by Paul Bennetts via paulbennetts.co
It’s possible to gain an edge in venture investing. It is little-known, though, as an unfair advantage over any market is challenging to build. It may form from information, analysis, or behaviour. But, a delta in these is rare.
It’s unusual in markets that are transparent. All information is available to all. Investors have large but equal datasets. They have limited capacity with prospective investments to communicate. Insufficient interaction leads to inadequate depth and passive paths, not active studies.
Most resign, but some don’t. Enterprising participants try deep research. They hire analysts to count customers entering Starbucks hoping for a hint on future sales data. Nonpublic, nonmaterial data points are combined to form valuable clues. Signs that together might suggest an appreciable change in company value is imminent, the mosaic theory of stock analysis. However, be careful. They could uncover material, nonpublic information. Acting on a single data point that in itself could move the market is prohibited. The route of the detective is appealing despite most uncoverable macro, industry, and company data points being seen and analysed by all.
In startups, though, information is scarce. Most data remains hidden in portfolios. Try looking up the growth rate for the S&P Index of Australian S-A startups over the last 12 months. Widely distributed passive data is limited.
Active data can be produced in venture investing. The VC, who meets fifty e-commerce startups, will assess the next e-commerce opportunity better than the angel who sees ten. This is not the same as reading fifty annual reports. In interviews, the level of insight is correlated to the level of rapport. Varying levels of interaction lead to diverging depth across investors. An information advantage through activity can develop.
In public markets, expert analysis that leads to a contrarian view is trying. Most industries grow slowly with the economy. Industry structures are stable. Things don’t change fast enough.
Industry dynamics for startups, by their nature, are in chaos, driven by the delta in product differentiation. The capacity for superior analysis increases with the level and speed of innovation. And different data coupled with similar analytical prowess can lead to inconsistent theses. An analytical advantage is more likely to form in startup investing.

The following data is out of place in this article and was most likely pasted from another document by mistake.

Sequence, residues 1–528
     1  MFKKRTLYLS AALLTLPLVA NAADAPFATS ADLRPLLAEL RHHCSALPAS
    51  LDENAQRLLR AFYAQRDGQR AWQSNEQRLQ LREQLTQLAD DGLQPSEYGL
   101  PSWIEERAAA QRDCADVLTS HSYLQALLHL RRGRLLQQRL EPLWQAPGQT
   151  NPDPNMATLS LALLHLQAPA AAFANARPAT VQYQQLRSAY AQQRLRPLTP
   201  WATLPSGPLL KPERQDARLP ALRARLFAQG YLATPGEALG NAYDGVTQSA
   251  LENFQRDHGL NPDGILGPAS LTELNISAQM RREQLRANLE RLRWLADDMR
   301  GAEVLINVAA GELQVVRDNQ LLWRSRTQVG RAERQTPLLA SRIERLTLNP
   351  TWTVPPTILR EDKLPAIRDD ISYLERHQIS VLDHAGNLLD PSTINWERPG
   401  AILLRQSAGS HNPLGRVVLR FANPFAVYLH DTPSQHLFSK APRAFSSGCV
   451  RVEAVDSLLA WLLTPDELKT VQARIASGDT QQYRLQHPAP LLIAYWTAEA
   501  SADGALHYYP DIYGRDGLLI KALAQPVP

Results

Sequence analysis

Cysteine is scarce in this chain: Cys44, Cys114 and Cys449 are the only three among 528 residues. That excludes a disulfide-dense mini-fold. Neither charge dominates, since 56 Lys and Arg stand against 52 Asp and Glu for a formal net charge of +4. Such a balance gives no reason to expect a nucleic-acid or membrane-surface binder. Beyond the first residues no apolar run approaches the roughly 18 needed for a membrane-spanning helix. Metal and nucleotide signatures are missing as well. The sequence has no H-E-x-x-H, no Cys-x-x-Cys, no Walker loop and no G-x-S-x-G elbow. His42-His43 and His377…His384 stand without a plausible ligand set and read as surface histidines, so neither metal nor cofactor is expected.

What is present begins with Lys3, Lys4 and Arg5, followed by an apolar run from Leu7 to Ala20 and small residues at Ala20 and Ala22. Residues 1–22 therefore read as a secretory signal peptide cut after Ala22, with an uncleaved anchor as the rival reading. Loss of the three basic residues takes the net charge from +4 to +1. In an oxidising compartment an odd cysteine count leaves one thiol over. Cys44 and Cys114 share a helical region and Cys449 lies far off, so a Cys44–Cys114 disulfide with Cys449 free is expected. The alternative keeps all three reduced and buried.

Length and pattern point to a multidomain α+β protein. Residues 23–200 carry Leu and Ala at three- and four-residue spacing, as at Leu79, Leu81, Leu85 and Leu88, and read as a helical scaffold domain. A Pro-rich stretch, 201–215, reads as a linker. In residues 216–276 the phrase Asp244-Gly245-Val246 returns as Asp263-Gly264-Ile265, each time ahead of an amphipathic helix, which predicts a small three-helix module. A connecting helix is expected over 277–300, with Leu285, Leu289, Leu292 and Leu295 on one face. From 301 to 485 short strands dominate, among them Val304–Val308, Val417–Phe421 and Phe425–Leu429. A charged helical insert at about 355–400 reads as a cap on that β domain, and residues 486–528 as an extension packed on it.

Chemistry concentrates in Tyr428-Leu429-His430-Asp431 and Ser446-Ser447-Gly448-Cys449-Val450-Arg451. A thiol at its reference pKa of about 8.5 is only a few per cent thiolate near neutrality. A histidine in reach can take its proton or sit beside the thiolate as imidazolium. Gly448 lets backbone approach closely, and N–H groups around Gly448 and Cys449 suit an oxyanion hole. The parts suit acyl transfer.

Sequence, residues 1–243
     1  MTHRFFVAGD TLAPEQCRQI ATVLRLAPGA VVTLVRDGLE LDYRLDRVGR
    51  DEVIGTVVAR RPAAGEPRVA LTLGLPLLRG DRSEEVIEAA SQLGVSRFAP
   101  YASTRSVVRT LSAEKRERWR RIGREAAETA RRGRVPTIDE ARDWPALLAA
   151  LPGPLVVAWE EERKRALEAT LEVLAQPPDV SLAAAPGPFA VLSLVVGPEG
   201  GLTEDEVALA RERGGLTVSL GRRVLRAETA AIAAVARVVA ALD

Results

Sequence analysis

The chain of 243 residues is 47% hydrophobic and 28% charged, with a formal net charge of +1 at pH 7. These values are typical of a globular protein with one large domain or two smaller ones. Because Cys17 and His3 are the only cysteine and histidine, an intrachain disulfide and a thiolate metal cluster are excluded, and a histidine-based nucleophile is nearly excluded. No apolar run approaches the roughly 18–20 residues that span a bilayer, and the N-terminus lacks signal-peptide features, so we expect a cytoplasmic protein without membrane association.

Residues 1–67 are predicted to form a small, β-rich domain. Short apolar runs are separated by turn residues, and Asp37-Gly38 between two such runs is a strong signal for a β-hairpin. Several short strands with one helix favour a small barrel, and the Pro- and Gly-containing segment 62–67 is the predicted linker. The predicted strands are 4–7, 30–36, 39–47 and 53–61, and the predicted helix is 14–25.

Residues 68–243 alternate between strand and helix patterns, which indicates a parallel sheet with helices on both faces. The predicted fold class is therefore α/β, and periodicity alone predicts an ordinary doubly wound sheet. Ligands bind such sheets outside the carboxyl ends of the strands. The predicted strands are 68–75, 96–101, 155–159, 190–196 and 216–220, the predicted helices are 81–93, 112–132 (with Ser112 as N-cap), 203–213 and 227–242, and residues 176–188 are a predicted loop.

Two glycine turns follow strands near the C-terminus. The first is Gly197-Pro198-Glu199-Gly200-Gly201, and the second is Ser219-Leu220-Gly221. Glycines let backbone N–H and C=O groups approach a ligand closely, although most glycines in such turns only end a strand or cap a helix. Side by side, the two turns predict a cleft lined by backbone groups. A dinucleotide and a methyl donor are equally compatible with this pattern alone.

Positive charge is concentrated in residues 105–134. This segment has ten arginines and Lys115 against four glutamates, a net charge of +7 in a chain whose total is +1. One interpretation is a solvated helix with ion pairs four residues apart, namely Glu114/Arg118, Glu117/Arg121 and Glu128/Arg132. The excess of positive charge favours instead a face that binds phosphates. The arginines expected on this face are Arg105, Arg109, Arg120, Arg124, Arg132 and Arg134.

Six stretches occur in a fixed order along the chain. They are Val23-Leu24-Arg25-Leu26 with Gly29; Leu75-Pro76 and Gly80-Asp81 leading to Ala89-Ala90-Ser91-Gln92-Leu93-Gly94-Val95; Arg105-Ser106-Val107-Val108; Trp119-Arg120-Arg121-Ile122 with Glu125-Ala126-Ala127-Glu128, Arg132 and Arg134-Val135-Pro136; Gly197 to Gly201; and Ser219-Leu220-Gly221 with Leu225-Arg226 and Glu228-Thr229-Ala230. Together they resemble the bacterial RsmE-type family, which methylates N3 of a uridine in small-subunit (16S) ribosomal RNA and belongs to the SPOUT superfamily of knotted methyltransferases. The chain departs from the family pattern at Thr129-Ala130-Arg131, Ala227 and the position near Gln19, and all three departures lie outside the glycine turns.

A behavioural edge is available to all but troublesome for most. Investors suffer from biases. Investors gather facts and see them in such a way as to support their pre-conceived conclusions. Subjective confidence in one’s judgement is reliably greater than one’s objective accuracy. Investors feel losses more than gains. Good outcomes are their own doing. Bad outcomes are the fault of others. The second-order effects of future actions are underestimated while the benefits are overestimated. More choice leads to decision paralysis. Investments chosen by one fund predict the choices of other funds to a remarkable degree. Investors inherently prefer narrative to data — often to the detriment of understanding. Market participants tend to extrapolate recent events into the future indefinitely. Bias. Blindspots. Emotions. Beliefs. Irrationalities. The mind is jelly. And of course, these only affect everyone else, never you.
The monk can take advantage of the crowd held by bias. Understanding the mind is an undervalued investment strategy. And it’s open to investors in all markets.
Venture investors are just as fallible and impulsive. They have one tab on TechCrunch, one tab on Twitter, one tab on Bloomberg and one tab on Crunchbase. They suffer from an abundance of complexity. Most can’t go meta and play in long-term thinking. All investors, including venture, suffer from or can take hold of a behavioural advantage.
Startup investing offers one additional facility for building an edge. Rivers. Opportunities flow in rivers nearby. One part of the stream will yield. Another part may not. And investors are stuck trawling just one river. Investors will spend an inordinate amount of time perfecting their net with marketing and networking. But an unskilled investor can deliver an edge just by prospecting in the teeming river.
In venture, there is an immense capacity to outcompete the market through active data, superior analysis, mind control, and the choice of a river and one’s skill with a net. But I would contend that most concentrate on just the last faculty.
The norm, as you can see, is for more transparent markets to have limited potential for an edge. It may be why most prominent venture capitalists do not engage in public markets beyond index funds. Instead, they concentrate on building their edge in private markets.
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